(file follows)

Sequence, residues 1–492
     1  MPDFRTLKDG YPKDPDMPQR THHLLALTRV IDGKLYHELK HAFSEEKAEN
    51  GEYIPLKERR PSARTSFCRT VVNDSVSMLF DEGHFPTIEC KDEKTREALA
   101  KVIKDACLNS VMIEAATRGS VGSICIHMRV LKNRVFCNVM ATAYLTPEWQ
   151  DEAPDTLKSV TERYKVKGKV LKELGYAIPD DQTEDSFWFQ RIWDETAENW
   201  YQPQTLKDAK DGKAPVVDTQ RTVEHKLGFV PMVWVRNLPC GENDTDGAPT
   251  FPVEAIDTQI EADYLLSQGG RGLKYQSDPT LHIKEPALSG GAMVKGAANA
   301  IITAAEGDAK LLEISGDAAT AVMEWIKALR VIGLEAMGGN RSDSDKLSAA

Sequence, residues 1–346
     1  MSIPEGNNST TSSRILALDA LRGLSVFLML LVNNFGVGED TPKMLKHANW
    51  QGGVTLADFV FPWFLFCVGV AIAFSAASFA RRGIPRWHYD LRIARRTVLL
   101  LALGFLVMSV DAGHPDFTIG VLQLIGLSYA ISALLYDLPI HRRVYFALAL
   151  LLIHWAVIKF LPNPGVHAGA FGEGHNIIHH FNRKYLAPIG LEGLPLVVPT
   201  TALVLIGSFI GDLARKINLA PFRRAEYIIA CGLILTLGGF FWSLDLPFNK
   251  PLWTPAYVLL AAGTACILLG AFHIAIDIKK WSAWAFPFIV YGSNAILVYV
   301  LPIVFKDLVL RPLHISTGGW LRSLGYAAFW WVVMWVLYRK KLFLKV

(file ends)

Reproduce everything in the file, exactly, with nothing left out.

Sequence, residues 1–492
     1  MPDFRTLKDG YPKDPDMPQR THHLLALTRV IDGKLYHELK HAFSEEKAEN
    51  GEYIPLKERR PSARTSFCRT VVNDSVSMLF DEGHFPTIEC KDEKTREALA
   101  KVIKDACLNS VMIEAATRGS VGSICIHMRV LKNRVFCNVM ATAYLTPEWQ
   151  DEAPDTLKSV TERYKVKGKV LKELGYAIPD DQTEDSFWFQ RIWDETAENW
   201  YQPQTLKDAK DGKAPVVDTQ RTVEHKLGFV PMVWVRNLPC GENDTDGAPT
   251  FPVEAIDTQI EADYLLSQGG RGLKYQSDPT LHIKEPALSG GAMVKGAANA
   301  IITAAEGDAK LLEISGDAAT AVMEWIKALR VIGLEAMGGN RSDSDKLSAA

Sequence, residues 1–346
     1  MSIPEGNNST TSSRILALDA LRGLSVFLML LVNNFGVGED TPKMLKHANW
    51  QGGVTLADFV FPWFLFCVGV AIAFSAASFA RRGIPRWHYD LRIARRTVLL
   101  LALGFLVMSV DAGHPDFTIG VLQLIGLSYA ISALLYDLPI HRRVYFALAL
   151  LLIHWAVIKF LPNPGVHAGA FGEGHNIIHH FNRKYLAPIG LEGLPLVVPT
   201  TALVLIGSFI GDLARKINLA PFRRAEYIIA CGLILTLGGF FWSLDLPFNK
   251  PLWTPAYVLL AAGTACILLG AFHIAIDIKK WSAWAFPFIV YGSNAILVYV
   301  LPIVFKDLVL RPLHISTGGW LRSLGYAAFW WVVMWVLYRK KLFLKV